Morphological changes induced by BMN673 +/- TMZ were assessed by Calcein AM/PI double staining (Figure 3C). Cells treated with the inhibitors showed the characteristic hallmarks of cellular homeostasis disorders (cellular membrane damage, cell shrinkage and their fragmentation). These morphology changes were much more noticeable in cancer than in normal cells. These alterations of cellular morphology were in agreement with the increasing number of dead cells stained with PI especially in samples treated with BMN673 + TMZ.
The impact of BMN673 + TMZ on cell cycle phase distribution of glioblastoma cells and normal human astrocytes was analyzed by flow cytometry (Figure 4). The effect of drugs was visible in H6 and H7 glioblastomas as elevation of SubG1 and S phase populations but a picture typical for G2/M arrest was not detected. Interestingly, drug-induced changes in cell cycle phases for NHA cells were slight to none.
Figure 4: Cell cycle distribution of H6 and H7 glioblastoma cells and NHA cells treated or not with BMN673 + TMZ. Representative graphs of normal human astrocytes (NHA) and H6 and H7 primary cell lines after 120 h incubation with the drugs (BMN + TMZ) or vehicle (Control). Left upper corner of each variant includes quantitative representation of cell population in each cell cycle phase – SubG1, G0/G1, S, G2/M. Values represent mean ± SD from 3 independent experiments.
Clonogenic assay was used to test the impact of drugs on colony formation ability of cancer cells. When used alone, only TMZ had a significant influence on long-term clonogenic efficiency whereas BMN673 + TMZ were able to almost completely abrogate clonogenic ability of LIG4-deficient glioblastoma cells (Figure 5).
Figure 5: Clonogenic potential of patient-derived glioblastomas after treatment with BMN673 and/or TMZ. (A) Cells were treated with either vehicle, BMN673, TMZ and BMN673 + TMZ followed by soft agar culture for 2–3 weeks. Clonogenic efficiency is shown as mean ± SD % of control (cells treated with vehicle) from 3 independent experiments, *p < 0.05 and **p < 0.001 in comparison to control. (B) Photographs of a representative experiment.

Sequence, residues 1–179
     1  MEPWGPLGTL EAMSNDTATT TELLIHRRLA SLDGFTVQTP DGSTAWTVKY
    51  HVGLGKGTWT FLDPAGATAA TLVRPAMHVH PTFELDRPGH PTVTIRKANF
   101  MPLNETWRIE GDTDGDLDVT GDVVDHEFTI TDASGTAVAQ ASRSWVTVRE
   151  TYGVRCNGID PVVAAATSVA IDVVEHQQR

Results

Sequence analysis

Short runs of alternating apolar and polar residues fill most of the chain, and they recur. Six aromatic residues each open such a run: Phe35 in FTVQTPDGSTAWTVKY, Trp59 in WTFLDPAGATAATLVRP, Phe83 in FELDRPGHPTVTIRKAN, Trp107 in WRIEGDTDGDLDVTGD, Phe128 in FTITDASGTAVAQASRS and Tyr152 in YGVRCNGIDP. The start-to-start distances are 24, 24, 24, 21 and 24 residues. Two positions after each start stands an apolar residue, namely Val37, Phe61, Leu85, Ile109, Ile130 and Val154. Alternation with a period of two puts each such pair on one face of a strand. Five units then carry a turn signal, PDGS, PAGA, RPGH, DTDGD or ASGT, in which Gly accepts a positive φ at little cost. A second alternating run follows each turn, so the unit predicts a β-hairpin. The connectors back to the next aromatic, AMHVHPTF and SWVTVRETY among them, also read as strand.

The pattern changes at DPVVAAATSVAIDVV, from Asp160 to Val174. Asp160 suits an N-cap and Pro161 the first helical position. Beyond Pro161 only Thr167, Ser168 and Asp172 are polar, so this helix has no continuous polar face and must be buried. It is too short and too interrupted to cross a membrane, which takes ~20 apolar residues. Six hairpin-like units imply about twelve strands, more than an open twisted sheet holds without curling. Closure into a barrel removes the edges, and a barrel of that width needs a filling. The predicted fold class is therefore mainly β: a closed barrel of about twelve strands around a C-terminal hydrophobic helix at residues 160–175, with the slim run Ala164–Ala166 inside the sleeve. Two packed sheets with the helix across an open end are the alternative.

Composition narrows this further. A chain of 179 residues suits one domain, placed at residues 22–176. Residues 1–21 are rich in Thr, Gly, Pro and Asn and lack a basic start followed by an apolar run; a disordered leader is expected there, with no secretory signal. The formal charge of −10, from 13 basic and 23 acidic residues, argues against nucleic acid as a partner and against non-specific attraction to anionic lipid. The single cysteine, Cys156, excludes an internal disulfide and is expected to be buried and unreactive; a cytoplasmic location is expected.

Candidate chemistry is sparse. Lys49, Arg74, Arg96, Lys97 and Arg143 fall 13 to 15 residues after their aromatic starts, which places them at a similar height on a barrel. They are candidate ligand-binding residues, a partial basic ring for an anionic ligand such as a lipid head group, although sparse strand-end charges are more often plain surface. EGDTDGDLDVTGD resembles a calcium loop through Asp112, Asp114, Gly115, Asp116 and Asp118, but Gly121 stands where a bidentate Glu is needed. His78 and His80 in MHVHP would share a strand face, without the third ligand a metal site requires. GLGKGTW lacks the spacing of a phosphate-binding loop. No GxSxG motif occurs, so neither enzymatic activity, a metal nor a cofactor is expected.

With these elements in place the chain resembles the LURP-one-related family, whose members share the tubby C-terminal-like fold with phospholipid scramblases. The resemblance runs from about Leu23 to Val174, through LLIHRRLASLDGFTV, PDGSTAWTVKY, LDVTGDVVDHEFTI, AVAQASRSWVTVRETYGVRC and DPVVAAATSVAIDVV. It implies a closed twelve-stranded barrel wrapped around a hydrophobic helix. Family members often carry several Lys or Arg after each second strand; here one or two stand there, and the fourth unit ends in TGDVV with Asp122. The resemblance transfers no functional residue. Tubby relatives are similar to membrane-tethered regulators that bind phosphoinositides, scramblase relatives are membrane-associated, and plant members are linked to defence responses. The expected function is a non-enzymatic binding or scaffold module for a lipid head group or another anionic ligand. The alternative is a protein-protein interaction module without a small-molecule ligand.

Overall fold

Combination of BMN673 and TMZ induces accumulation of toxic DSBs in patient-derived glioblastoma cells
Phosphorylation of serine 139 on histone 2A.X (γH2A.X) can be used as a marker of DSBs . TMZ treatment increased γH2A.X immunofluorescence in H7 primary cell line (Figure 6A). This effect was remarkably enhanced in both H6 and H7 cell lines when BMN673 and TMZ were used in combination. In NHA cells the level of γH2A.X positive cells stayed at relatively low level regardless from the treatment used.
Figure 6: Accumulation of DSB in BMN673+TMZ-treated H6 and H7 glioblastoma cells and in NHA cells. (A) DSBs were detected by γH2A.X immunofluorescence. Bars show mean percentage of γH2A.X –positive cells ± SD from 3 independent experiments. (B) DSBs were detected by neutral comet assay. Bars show mean percentage of DNA in tail ± SD from 50 randomly selected cells in 3 independent experiments. *p < 0.05 and **p < 0.001 when compared to control.
Neutral comet assay was also employed to detect DSBs after treatment with BMN673 and/or TMZ. After treatment with individual drugs only TMZ enhanced the percentage of DNA in tails of H7 cells in comparison to NHA cells (Figure 6B). Combination of BMN673 and TMZ caused significant increase of DSBs in both glioblastoma cell lines.
Rescue of LIG4 expression caused resistance to BMN673 + TMZ treatment
To determine the role of reduced expression of LIG4 in sensitivity of glioblastoma cells to BMN673+TMZ, H7 cells were transfected with the plasmid carrying LIG4 cDNA followed by treatment with the drugs. Elevated expression of LIG4 resulted in resistance of H7 glioblastoma primary cell line to BMN673 + TMZ (Figure 7).
Figure 7: Sensitivity to BMN673+TMZ depends on LIG4 expression. (A) The effect of BMN673 in combination with TMZ on H7 cells transfected with GFP (Control) or GFP-LIG4 expression plasmid. Results represent mean % of viable cells ± SD from 3 independent experiments, *p < 0.05 comparing with Control. (B) Representative Western blot of LIG4 expression in H7 cells transfected with control GFP plasmid and with vector carrying GFP-LIG4. GAPDH is included as a loading control.
Due to the growing knowledge of genetic and epigenetic changes in tumors the concept of synthetic lethality became lately one of the main areas of searching for new therapy candidates. The phenomenon occurs when simultaneous loss of two genes causes cell death whereas loss of each of these genes individually is not lethal . For instance, BRCA1/2 deficient tumors with impaired homologous recombination repair were reported to be sensitive to PARP inhibition [16–17]. PARPi could be used in combination with the agents inducing DNA damage like doxorubicin, radiation or alkylating drugs . Therefore, we postulated that combination of PARPi may significantly improve the therapeutic outcome of currently used TMZ-based therapy and specifically eradicate glioblastoma cells with disrupted DSB repairing pathways.